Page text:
Wil­liams play­ing in re­cov­ery mode

Arkansas Democrat-Gazette - - SPORTS -

LON­DON — Ser­ena Wil­liams has been say­ing it over and over and over: Wim­ble­don is only her fourth tour­na­ment since re­turn­ing to the tour af­ter hav­ing a baby.

“Every time I go out there, I want to, I guess, take a gi­ant step for­ward,” she said. “Keep tak­ing gi­ant steps, but keep im­prov­ing.”

Wil­liams played a to­tal of seven matches in 2018 be­fore ar­riv­ing at the All Eng­land Club, and she’ll be play­ing her sev­enth match in the last two weeks when she meets 11th-seeded An­gelique Ker­ber of Ger­many in the Wim­ble­don fi­nal to­day.

It didn’t take long for the 36-year-old Amer­i­can to get her game in gear and close

in on what would be an eighth Wim­ble­don ti­tle, one short of Martina Navratilova’s record, and 24th Grand Slam tro­phy in all, equal­ing Mar­garet Court’s all-time mark.

It was only 101/2 months ago that Wil­liams had far more se­ri­ous con­cerns.

Af­ter giv­ing birth to her daugh­ter, Olympia, on Sept. 1, Wil­liams dealt with health com­pli­ca­tions that in­cluded blood clots and led to what she said were mul­ti­ple op­er­a­tions.

“Al­most didn’t make it, to be hon­est,” Wil­liams said shortly af­ter com­plet­ing her 6-2, 6-4 semi­fi­nal vic­tory over 13th-seeded Ju­lia Go­erges on Thurs­day.

She’s been wear­ing com­pres­sion leg­gings dur­ing her matches as a pre­cau­tion and says she re­mains ner­vous.

“I mean, even this week, I had a pain in my leg, and I went to the worst-case sce­nario: ‘Oh, my God, I have a [pul­monary em­bolism] in my leg,’ ” Wil­liams said. “I didn’t know I would have such, kind of, trau­matic thoughts. Es­pe­cially now that I have a daugh­ter, I want to be around as long as I can to sup­port her. It’s in­ter­est­ing how that men­tal re­cov­ery is ac­tu­ally tak­ing much longer than I ever ex­pected.”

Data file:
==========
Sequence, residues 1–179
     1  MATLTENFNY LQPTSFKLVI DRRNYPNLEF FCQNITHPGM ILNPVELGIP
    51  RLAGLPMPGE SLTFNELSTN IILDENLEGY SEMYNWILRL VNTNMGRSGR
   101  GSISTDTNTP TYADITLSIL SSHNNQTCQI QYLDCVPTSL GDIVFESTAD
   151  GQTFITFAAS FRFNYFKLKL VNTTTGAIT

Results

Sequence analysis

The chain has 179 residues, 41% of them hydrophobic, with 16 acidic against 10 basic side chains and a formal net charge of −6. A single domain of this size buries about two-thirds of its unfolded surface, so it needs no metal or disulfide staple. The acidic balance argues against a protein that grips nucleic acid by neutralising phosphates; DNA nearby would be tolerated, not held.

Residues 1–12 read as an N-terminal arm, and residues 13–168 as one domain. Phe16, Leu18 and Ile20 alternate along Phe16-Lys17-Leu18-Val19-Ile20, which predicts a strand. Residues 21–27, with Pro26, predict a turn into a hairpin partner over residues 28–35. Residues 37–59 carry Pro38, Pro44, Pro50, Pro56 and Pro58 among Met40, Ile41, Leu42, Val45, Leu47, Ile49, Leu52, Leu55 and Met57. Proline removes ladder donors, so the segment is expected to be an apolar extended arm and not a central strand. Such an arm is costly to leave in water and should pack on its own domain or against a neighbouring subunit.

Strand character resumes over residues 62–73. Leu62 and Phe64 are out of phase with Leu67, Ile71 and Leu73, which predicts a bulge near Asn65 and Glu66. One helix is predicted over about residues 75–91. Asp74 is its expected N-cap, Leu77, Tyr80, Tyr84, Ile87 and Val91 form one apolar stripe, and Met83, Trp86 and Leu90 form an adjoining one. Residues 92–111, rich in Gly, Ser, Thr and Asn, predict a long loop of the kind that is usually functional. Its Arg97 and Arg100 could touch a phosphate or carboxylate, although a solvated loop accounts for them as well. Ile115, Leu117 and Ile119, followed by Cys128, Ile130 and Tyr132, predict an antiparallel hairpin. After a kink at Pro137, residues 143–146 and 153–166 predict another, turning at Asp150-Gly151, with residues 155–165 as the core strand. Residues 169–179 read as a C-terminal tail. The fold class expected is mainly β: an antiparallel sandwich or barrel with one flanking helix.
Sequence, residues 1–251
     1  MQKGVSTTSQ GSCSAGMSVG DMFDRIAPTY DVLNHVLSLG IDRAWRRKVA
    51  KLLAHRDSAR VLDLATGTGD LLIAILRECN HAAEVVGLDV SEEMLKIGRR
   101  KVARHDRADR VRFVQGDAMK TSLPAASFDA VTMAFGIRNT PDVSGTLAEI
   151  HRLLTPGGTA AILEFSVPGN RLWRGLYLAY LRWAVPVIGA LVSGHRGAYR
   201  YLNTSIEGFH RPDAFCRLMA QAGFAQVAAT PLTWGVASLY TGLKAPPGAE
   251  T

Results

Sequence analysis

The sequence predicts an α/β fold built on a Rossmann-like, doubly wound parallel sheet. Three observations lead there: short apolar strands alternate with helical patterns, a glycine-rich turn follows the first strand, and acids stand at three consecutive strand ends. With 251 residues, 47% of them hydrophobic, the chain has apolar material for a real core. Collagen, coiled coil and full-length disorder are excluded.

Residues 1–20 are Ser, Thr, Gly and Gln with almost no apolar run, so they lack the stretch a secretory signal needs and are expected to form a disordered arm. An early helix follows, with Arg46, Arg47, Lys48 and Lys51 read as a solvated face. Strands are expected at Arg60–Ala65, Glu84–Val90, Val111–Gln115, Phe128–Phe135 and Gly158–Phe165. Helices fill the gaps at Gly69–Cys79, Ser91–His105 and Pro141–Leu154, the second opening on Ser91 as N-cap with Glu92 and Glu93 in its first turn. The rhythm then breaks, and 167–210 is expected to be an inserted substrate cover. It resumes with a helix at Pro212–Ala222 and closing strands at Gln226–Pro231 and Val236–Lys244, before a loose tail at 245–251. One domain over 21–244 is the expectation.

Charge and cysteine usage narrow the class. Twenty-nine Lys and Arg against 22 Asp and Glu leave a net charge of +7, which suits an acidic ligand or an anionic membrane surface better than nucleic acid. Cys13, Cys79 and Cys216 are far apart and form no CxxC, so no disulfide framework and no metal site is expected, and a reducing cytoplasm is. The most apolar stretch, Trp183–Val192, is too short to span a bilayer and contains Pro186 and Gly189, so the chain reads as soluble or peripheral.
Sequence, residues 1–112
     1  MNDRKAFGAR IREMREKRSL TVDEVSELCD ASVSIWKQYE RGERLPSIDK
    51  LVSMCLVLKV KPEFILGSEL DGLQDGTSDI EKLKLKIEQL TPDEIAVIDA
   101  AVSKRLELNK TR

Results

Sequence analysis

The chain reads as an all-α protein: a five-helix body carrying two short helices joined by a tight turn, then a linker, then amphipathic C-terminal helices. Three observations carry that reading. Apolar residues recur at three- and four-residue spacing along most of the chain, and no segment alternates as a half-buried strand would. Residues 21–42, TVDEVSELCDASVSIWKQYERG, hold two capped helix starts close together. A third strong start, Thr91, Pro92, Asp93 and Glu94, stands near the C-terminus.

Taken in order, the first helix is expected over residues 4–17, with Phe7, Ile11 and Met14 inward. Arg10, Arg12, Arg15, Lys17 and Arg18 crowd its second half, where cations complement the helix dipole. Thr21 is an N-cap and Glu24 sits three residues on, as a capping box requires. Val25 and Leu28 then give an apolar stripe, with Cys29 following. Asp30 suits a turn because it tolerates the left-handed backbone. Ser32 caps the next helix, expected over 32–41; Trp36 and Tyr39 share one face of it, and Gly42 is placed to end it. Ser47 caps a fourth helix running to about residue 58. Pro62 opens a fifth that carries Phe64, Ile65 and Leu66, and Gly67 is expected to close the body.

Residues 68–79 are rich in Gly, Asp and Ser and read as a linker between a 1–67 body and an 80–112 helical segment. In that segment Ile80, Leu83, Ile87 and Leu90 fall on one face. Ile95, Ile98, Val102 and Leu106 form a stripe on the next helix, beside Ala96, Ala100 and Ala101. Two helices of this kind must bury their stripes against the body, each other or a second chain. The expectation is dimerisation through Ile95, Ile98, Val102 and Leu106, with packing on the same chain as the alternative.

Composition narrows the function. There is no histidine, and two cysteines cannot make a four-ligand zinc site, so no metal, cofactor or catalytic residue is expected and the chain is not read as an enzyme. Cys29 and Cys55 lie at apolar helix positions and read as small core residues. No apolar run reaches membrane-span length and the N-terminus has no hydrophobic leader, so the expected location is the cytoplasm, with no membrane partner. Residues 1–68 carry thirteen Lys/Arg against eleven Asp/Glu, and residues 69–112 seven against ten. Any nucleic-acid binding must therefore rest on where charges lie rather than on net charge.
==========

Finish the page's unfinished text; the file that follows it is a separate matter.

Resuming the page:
The ten­nis? That’s come quite nat­u­rally, not sur­pris­ingly.

She was off the tour for more than a year af­ter her Aus­tralian Open ti­tle in Jan­uary 2017 — won while she was preg­nant, she later re­vealed. Wil­liams first came back by play­ing dou­bles with her older sis­ter, Venus, for the U.S. Fed Cup team in Fe­bru­ary. Then came her sin­gles re­turn, at In­dian Wells in March, when she won her first two matches

be­fore los­ing to her sib­ling.

Next was a first-round loss at Mi­ami.

“I hon­estly felt I would have done bet­ter in some of the ear­lier tour­na­ments. That was the hard­est part — ac­cept­ing that I didn’t,” Wil­liams said. “I know that sounds weird, but I worked out a lot and I worked hard.”

Fol­low­ing an­other two months away from com­pe­ti­tion, she en­tered the French Open in late May, and won three matches be­fore pulling out be­fore the fourth round be­cause of an in­jured pec­toral mus­cle.

Wil­liams rested some af­ter that, not prac­tic­ing serv­ing at all for a cou­ple of weeks, and was able to ease into things once Wim­ble­don be­gan be­cause of a draw that al­lowed her to avoid play­ing any seeded op­po­nents — or any­one ranked in­side the top 50, for that mat­ter — un­til Go­erges, who was mak­ing her Grand

Slam semi­fi­nal de­but.

Now will come the sternest on-court test Wil­liams has faced: Ker­ber, a for­mer No. 1 and two-time ma­jor cham­pion with a lefty stroke and a never-give-up-on-a-ball de­fense.

Wil­liams is 23-6 in Grand Slam fi­nals, and Ker­ber is re­spon­si­ble for hand­ing her one of those rare de­feats, at the 2016 Aus­tralian Open. Ker­ber also won that year’s U.S. Open, re­plac­ing Wil­liams atop the WTA rank­ings right af­ter­ward. That was also the year that Ker­ber reached the Wim­ble­don fi­nal, los­ing to Wil­liams in straight sets.

They’ve played each other a to­tal of eight times in the past, and Wil­liams leads 6-2.

Af­ter win­ning her semi­fi­nal against Je­lena Ostapenko 6-3, 6-3, Ker­ber was asked what she sees across the net when she goes up against Wil­liams.

“I see a cham­pion,” Ker­ber said, “that’s for sure.”

Ker­ber

Wil­liams

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